Pastoral Care


I have said a few times that there are some comments, questions, concerns, or snide remarks that I would discuss in other formats other than in Sunday morning messages. In Sunday School we are working through the question, “”How do we prepare for/endure suffering?” by reading and discussing the book, The Uninvited Companion.

This is another comment/concern I will be reflecting on here;

Concerned that some church families receive more pastoral care than other families

To begin to understand what is “pastoral care,” there are a few terms to define, concepts to explain, and information to be presented. All of this has some general application to “pastoral care” in any, and all, situations…Not just within our church family and community.

#1 – “Pastoral” (adj) – Concerning or appropriate to the giving of spiritual guidance (definition).

Essentially, “Pastoral Care” is care provided to someone regarding their spiritual well-being. It is not, necessarily, only limited to care from one particular person, i.e. a “pastor”. It is a type of care given which can be provided by any number of different people (including a “professional pastor”).

#2 – In 1 Peter 2:4-5, Peter established what Martin Luther referred to as the “Priesthood of all Believers.” One thing that means is that anyone who is a follower of Christ has an important responsibility to provide spiritual care for others. Therefore, “Pastoral Care” does not mean a professional pastor is the only one who provides care. We all have roles to play in the growth of God’s Kingdom. One of those roles is living and sharing the Gospel of Christ so others may come to know Jesus. Another is how we are to “spur one another on toward love and good deeds” (Hebrews 10:24). This role relates to how we are called to support and encourage other Christians to continue to deepen their faith and grow in their relationship with Jesus, as His disciples. (Both roles include “Pastoral Care” for both Christians AND unbelievers!)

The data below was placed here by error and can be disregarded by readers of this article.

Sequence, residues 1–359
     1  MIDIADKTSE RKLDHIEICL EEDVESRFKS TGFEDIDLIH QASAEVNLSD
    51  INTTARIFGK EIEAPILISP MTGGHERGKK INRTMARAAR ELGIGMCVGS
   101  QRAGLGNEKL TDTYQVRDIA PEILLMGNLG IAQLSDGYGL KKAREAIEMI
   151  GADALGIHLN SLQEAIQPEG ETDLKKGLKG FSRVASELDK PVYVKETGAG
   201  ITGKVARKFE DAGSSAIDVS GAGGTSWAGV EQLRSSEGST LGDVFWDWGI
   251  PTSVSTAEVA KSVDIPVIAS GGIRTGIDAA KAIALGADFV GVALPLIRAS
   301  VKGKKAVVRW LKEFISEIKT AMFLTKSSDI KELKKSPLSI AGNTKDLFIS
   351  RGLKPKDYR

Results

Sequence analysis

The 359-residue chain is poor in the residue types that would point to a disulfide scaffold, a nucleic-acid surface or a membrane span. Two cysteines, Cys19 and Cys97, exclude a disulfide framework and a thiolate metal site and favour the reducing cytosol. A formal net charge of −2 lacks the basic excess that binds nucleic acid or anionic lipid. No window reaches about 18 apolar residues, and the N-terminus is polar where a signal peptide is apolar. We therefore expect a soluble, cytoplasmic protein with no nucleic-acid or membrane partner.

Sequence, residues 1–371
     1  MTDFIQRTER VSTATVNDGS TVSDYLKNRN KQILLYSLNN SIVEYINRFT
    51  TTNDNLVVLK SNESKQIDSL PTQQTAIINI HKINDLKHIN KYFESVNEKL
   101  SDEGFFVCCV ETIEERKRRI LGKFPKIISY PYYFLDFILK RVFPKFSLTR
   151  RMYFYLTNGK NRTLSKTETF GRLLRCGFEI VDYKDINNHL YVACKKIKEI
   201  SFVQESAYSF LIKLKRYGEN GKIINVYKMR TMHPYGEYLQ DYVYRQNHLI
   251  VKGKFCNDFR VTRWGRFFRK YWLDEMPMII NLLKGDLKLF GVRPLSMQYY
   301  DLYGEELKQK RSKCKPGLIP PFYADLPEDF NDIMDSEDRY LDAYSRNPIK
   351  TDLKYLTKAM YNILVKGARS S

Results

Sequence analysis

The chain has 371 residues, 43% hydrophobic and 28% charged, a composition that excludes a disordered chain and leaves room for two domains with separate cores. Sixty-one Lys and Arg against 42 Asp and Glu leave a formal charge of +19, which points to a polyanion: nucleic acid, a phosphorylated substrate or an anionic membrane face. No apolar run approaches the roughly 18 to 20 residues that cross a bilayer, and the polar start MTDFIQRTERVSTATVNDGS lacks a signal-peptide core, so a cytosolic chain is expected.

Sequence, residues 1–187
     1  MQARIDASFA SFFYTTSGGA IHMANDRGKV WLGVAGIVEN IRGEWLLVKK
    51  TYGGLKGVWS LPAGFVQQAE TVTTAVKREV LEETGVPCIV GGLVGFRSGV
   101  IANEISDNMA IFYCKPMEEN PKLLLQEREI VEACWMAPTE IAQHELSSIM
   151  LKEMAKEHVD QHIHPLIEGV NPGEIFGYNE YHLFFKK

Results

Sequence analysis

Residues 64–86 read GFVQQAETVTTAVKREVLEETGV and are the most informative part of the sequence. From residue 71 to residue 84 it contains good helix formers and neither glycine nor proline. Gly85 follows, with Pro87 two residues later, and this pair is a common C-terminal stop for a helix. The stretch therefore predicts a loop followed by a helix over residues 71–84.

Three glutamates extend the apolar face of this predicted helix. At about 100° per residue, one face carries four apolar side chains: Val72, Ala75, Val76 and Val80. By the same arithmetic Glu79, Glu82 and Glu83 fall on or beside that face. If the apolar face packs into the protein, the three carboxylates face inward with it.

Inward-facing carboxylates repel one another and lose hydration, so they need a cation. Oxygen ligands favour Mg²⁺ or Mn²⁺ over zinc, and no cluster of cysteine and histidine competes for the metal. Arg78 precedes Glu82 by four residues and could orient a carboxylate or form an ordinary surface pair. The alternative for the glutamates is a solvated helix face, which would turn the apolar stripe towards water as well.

#3 – The mental health crisis in this country is very real! Mental health concerns were growing prior to COVID. COVID turned a “growing concern” into a crisis in record time. We live in a society, culture, and time of a nearly unprecedented combination of health concerns, division, hostility, anger, fear, hopelessness, etc. Someone recently told me that “the devil is working overtime and weekends now.” My response to that is that the devil always has. He NEVER stops working. The problem today is that more of us are participating with him in his destructive tactics. Pastors alone cannot provide enough care fast enough to undo the harm we all are doing to each other.

#4 – Professional pastors are not exempt from “Pastoral Care”. It is important to realize that many pastors do not have pastors. I’m not saying that they “shouldn’t”, because they should. It’s just different and difficult considering the situation of their own role. Pastors experience many of the same challenges, frustrations, disappointments, stresses, and temptations that everyone else experiences (some would say they experience many of these things at an even higher level than the average person). While dealing with life and all its challenges for themselves and their families, pastors are also carrying the heavy burdens of many within their church family. The greater the struggle of life in society, the greater the number of burdens many pastors are carrying with (and for) the people in their community.

None of the above is to say that pastors should not provide care. It is to say that we need to gain some perspective by asking ourselves a few important questions before we get concerned about who, what, and how much care…

Are there a lot of people hurting right now?

How am I offering spiritual care to others in my family, church, and community?

Could it be that my pastor is caring for a larger number of people during this time (including their own family and themselves) and, therefore, care from pastors themselves may look different than it has in the past?

Is the kind of “care” I WANT, the kind of care that I NEED? And what is the difference?